I’m all giddy about the new release of Analog Channel and am using it all over the place once again. I figured there’s probably a lot of new users by now so I decided to put together a post with some tips for getting the most out of it.
First, Analog Channel is two plugins: AC1, an input stage emulator and AC2, a tape emulator. I’ll share some tips with both. It doesn’t matter whether you use the new Analog Channel or the old.
You can use Analog Channel, either AC1 or AC2, as a simple dynamic tool. Play around with the controls for different types of reaction to the signal and watch the gain reduction meter. AC2 can be made to sound punchy and nice on drums. Also remember that AC2 in particular can change the frequencies. Most of the time it roll off the lowest of lows, adds a little bump in the bass and either roll off or add some highs. If you’re really cocky – and I know I am sometimes – use either one of them as your basic compressor/limiter on any given track.
Adding some hair
While AC2 might be the tool of choice for changing the dynamics (or not, it’s your call) AC1 is awesome for adding some hair to the signal. Crank the input and the drive for some saturated goodies. I find it very useful on aggressive vocals but it can of course be used on just about anything from drums to synths to guitars to balalaikas.
Use the presets
McDSP has always been great at providing presets and Analog Channel is no exception. Use them, they’re good. Just pick one and stick with it or use them as starting points. I rarely change the tape presets, and often the only thing I change when picking a preset for AC1 is the drive control.
I think I first heard this trick from Colin McDowell himself. I’ve tried it, but to be honest felt it was too much of a hassle… But whatever floats your boat. What you do is insert AC1 on every track, preferably with the same settings. Now, instead of using the regular faders for controlling levels you’ll use the controls in the AC1 plugin. This is kind of a complete console emulation.
Speaking of the consoles, you might have seen the AC1 has three console presets – but what are they based on? From what I’ve heard, Console 1 is a Neve, Console 2 is SSL and Console 3 is a combination of the two.
The Charles Dye method
I don’t know if Charles Dye invented this trick or not but I – and many others – learned it from his great mixing DVD Mix it Like a Record. What you do is insert AC1 on the master right away when you start mixing. This way you mix into it and all your decisions will be based on having it there. If you instead just put it on afterwards you’ll find that it makes very little difference. When mixing into it on the other hand it will make a world of difference! Try it and then remove it and you’ll see what I mean.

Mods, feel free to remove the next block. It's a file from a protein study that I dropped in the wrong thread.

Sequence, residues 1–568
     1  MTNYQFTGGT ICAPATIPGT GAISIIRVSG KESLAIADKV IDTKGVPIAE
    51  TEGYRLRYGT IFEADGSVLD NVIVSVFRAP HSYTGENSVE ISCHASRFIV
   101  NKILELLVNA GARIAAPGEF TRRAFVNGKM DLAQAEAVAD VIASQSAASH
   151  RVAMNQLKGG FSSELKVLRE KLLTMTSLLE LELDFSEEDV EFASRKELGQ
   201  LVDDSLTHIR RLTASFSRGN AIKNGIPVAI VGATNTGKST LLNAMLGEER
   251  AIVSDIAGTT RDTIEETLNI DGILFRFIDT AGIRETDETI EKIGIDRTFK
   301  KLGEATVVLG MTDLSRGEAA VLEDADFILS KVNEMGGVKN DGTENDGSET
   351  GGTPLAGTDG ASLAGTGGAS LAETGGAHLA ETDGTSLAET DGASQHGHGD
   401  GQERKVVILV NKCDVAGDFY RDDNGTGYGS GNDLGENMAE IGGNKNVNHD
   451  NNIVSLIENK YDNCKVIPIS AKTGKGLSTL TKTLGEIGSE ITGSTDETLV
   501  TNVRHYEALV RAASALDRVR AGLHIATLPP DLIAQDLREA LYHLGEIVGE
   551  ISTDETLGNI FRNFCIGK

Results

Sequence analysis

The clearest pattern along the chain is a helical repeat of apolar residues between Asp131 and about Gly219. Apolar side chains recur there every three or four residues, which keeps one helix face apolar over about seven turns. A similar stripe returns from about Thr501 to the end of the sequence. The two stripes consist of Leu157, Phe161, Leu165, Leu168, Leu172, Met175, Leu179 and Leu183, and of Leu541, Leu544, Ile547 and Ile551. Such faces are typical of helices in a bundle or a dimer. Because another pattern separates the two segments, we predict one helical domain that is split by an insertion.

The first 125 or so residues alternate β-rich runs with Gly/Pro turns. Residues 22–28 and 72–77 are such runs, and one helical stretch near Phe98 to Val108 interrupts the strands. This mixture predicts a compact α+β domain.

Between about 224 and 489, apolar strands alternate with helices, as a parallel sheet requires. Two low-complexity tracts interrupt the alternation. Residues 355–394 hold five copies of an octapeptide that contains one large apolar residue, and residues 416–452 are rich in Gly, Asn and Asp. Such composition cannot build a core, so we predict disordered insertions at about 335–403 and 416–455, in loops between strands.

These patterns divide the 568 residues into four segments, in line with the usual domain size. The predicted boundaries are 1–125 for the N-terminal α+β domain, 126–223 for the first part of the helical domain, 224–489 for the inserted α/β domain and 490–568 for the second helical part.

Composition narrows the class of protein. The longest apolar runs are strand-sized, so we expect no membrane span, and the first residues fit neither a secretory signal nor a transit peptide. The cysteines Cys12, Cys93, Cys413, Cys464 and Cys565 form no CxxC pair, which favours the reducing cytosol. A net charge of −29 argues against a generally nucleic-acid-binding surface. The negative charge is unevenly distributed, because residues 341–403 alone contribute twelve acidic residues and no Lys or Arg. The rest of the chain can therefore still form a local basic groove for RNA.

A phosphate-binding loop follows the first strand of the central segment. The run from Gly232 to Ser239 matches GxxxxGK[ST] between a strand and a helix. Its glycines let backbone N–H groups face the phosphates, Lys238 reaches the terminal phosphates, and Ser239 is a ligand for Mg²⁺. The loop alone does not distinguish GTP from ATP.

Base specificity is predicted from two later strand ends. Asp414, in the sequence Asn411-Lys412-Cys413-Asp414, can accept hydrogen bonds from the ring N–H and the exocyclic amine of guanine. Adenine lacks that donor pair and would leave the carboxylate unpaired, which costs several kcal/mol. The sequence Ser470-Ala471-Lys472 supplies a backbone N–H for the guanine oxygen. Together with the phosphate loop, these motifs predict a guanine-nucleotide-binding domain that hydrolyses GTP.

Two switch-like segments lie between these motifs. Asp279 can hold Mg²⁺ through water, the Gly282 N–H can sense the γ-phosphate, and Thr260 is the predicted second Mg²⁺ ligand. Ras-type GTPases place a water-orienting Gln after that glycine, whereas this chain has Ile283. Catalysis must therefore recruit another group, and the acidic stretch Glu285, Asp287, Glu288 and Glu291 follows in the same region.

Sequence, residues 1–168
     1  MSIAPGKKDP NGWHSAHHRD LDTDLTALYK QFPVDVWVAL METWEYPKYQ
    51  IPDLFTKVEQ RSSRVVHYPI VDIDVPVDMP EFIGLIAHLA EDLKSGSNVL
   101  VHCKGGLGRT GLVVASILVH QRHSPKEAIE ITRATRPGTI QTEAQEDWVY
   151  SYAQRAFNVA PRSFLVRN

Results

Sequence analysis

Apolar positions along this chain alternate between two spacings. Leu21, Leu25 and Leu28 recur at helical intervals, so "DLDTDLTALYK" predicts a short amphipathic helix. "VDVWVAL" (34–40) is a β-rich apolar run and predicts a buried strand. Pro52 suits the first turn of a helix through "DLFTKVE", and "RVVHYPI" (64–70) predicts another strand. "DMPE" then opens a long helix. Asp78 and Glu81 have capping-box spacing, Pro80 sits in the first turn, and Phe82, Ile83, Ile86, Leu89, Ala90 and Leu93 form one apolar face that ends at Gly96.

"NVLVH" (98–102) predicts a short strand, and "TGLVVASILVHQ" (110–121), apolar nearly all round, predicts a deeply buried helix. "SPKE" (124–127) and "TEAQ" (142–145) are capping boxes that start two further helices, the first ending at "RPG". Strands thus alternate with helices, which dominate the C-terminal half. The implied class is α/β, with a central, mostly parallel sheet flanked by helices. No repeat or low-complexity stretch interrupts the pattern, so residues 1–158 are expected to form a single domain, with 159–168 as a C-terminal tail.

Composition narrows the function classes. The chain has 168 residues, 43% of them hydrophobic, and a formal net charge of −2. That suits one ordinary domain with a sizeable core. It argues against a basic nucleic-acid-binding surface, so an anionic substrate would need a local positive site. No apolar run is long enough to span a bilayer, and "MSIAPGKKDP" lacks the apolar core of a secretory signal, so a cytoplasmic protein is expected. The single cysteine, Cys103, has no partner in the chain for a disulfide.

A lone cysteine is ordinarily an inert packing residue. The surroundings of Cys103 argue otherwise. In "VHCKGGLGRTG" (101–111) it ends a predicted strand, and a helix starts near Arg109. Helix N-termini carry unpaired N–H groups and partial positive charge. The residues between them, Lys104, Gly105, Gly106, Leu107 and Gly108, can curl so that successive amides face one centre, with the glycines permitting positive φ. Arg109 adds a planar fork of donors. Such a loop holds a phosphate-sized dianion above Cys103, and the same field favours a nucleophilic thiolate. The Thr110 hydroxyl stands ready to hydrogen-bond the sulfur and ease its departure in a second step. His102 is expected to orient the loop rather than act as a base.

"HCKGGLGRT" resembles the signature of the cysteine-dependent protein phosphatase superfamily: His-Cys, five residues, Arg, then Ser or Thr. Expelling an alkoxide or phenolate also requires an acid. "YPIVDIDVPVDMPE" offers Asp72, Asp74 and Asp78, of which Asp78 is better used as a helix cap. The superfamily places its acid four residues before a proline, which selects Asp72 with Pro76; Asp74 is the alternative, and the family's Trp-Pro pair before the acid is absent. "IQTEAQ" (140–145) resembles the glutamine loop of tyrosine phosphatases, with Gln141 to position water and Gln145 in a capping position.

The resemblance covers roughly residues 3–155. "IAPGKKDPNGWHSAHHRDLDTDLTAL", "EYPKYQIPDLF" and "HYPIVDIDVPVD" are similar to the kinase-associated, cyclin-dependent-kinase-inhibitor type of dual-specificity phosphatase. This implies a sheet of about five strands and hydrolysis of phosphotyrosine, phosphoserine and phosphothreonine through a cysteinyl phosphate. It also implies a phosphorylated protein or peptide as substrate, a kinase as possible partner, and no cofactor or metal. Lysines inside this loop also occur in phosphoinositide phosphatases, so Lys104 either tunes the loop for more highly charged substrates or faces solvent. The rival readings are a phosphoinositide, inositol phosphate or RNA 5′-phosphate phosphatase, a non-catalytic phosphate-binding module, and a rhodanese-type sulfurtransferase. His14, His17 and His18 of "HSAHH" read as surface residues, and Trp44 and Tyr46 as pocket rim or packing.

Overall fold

Here’s a little trick that goes against just about everything we’re taught today. If you have a track that’s clipping, simply insert AC1 and it will take care of it in much the same way as a limiter and start to saturate as well. Bring up the drive knob a little for even more crunch. “But you shouldn’t mix that hot in the first place!”, “you’re gonna squash the signal” – blah blah blah. If it sounds good, it is good.
Are you stuck with generic and clean sounding delays, or just happen to like their functionality better than your other ones? You can turn them into a tape echo, sort of, by simply inserting an instance of AC2 on the same track or aux.
Using AC2 on the master fader or main outputs is perhaps what most people will do. But where to place it in the chain? You can of course insert it wherever you like but I’ve usually had it towards the end, that is after any EQ or compression that I might use. If anything, there would be a limiter or a dither after, depending on the need. If you find that the tape emulation darkens the sound too much, you can also use an EQ afterwards to simply compensate for the loss of highs.